Perhaps it was destiny. After all, when two icons of chic dream up the perfect handbag, we shouldn’t be surprised that the result is another icon. Such was the case when Hermès chief executive Jean-Louis Dumas and the actress and chanteuse Jane Birkin met on that legendary 1981 flight and together conceived her namesake bag.
The Hermès Birkin has become an icon, no doubt about it. But it has also become something more surprising: a better investment than a painting by an Impressionist master. How did that happen?
When the Birkin first became available, in 1984, the cost of a basic model was approximately $2,000, and it has since increased 500 percent. Truth is, however, it’s a stretch to call any Birkin “basic.” Each is handmade by a single expert craftsperson. Price varies with size, hardware, color and type of leather. A limited assortment of leathers and colors is released each year.
The rarity of certain materials and hues is reflected in resale pricing: In 2019, “Vegas Dave” Oancea paid a record-breaking $500,000 for a 35cm niloticus crocodile Himalaya with 18-carat white-gold and diamond hardware. The skin is the rarest of the rare. The lock alone was worth $80,000.
“The Birkin’s value has consistently risen and never fluctuated downward,” says Reece Morgan, head of handbags and accessories for Xupes, citing the fact that “production has been highly limited to maintain its unattainable aura.” In fact, he adds, Hermès has been “scaling back production each year.”
“I’ve had a lot of men buy their first bag from me,” says Debra Kent, of mightychic. “I’ve always told them that after this bag, there’s no turning back. The next step is you’re going to walk into a room with your wife or your girlfriend, and she’s going to be carrying the bag. Every woman in that room is going to want you and every man in the room is going to hate you.” In short, says Kirk, the Birkin “is the ultimate status symbol.”
That wasn’t always so. The Birkin began to arouse mass consciousness (and desire) in the late 1990s, with the advent of the “It bag.” And nothing was the same after it made its prime-time debut on Sex in the City, in 2002. “Oh, honey, it’s not so much the style,” Samantha cooed to Carrie as they ogled a Birkin in the window of Hermès, “it’s what carrying it means.” Approximately 5.9 million viewers watched that week; it’s possible to imagine “BIRKIN!” suddenly scribbled on nearly as many wish lists.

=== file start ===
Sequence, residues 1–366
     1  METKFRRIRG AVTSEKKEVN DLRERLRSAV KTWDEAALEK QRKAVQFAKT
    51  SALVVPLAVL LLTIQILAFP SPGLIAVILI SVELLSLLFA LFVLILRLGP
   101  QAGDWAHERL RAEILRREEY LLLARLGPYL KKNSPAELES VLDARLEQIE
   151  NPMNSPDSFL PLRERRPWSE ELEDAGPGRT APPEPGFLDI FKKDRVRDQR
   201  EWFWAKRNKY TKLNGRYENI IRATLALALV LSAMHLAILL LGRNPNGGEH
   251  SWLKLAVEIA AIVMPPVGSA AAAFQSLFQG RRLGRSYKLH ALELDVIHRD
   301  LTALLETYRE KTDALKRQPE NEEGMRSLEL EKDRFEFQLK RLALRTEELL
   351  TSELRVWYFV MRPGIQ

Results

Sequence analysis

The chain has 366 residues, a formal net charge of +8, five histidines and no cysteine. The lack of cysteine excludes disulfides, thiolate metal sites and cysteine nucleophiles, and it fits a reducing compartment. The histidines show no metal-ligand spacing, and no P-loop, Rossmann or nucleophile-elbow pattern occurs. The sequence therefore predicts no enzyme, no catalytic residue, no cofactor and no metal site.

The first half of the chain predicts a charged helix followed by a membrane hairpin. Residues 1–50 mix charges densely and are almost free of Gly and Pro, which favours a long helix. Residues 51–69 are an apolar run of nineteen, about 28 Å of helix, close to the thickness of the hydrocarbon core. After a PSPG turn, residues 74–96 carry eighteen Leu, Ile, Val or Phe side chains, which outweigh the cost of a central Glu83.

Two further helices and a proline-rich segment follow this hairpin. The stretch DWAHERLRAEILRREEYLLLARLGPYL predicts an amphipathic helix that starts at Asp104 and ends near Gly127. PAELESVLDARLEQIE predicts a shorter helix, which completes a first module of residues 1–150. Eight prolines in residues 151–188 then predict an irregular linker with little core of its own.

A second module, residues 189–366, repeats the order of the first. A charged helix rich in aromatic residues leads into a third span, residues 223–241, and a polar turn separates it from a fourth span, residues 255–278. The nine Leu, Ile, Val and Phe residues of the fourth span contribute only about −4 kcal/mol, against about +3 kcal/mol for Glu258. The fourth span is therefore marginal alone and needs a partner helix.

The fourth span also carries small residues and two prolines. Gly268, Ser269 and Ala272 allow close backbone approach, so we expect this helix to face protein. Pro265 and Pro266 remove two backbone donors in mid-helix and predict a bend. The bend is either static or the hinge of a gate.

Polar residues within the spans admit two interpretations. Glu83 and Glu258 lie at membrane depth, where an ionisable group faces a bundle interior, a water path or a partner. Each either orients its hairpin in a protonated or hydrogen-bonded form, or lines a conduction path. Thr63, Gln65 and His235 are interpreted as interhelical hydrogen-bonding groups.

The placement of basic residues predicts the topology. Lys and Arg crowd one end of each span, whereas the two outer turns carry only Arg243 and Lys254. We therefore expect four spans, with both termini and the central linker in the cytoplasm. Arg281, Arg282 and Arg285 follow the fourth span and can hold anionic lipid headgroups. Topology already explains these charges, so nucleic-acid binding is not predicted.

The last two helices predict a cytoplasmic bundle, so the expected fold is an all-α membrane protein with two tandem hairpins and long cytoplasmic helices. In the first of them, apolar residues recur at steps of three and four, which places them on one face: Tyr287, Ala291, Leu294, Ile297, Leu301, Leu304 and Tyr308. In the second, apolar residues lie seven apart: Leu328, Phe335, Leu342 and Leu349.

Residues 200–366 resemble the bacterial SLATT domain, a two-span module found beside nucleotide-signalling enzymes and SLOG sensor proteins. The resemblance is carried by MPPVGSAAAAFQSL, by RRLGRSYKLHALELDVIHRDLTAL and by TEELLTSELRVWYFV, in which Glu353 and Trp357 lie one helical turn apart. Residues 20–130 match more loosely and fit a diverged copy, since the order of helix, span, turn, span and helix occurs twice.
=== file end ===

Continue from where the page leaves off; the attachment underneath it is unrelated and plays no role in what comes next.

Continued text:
“It’s a storied product,” says Milton Pedraza, CEO of the Luxury Institute. “That’s what makes it a great investment.” Pedraza considers Hermès “the pinnacle of luxury” and credits the house with excellent stewardship of the design. “It’s a classic case study in how to manage luxury — be meticulous in what you create, and manage the supply. The market will react on its own.”
And the reaction to the Hermès bag has been quite enthusiastic. A study of luxury investments in 2019 found that handbags had the highest returns — and the Birkin had the highest of the high. Birkin prices increased 13 percent over the course of the year; art, meanwhile, rose 5 percent.
Indeed, on a recent list of the 10 most expensive handbags, seven are Birkins, including an Exceptional Collection Shiny Rouge H Porosus Crocodile Birkin and a fuchsia porosus crocodile diamond-studded Birkin, which sold at auction, respectively, for $203,150 and $222,000.
Contemplating an investment in a Birkin? Consider color: New and seasonal ones are often in great demand; some recent hues include Rouge De Coeur (2019), Blue Azure (2018) and Toffee (2017). And look for rare materials — exotics such as lizard, ostrich and porosus and niloticus crocodile.
But a Birkin has more going for it than its good looks. The brand itself helps to sustain sales, even through difficult times. “Hermès has a wonderful history of good purpose and good values,” says Pedraza, adding that the brand “will be valued even more after the pandemic. Hermès will definitely be one of those that will stand tall.”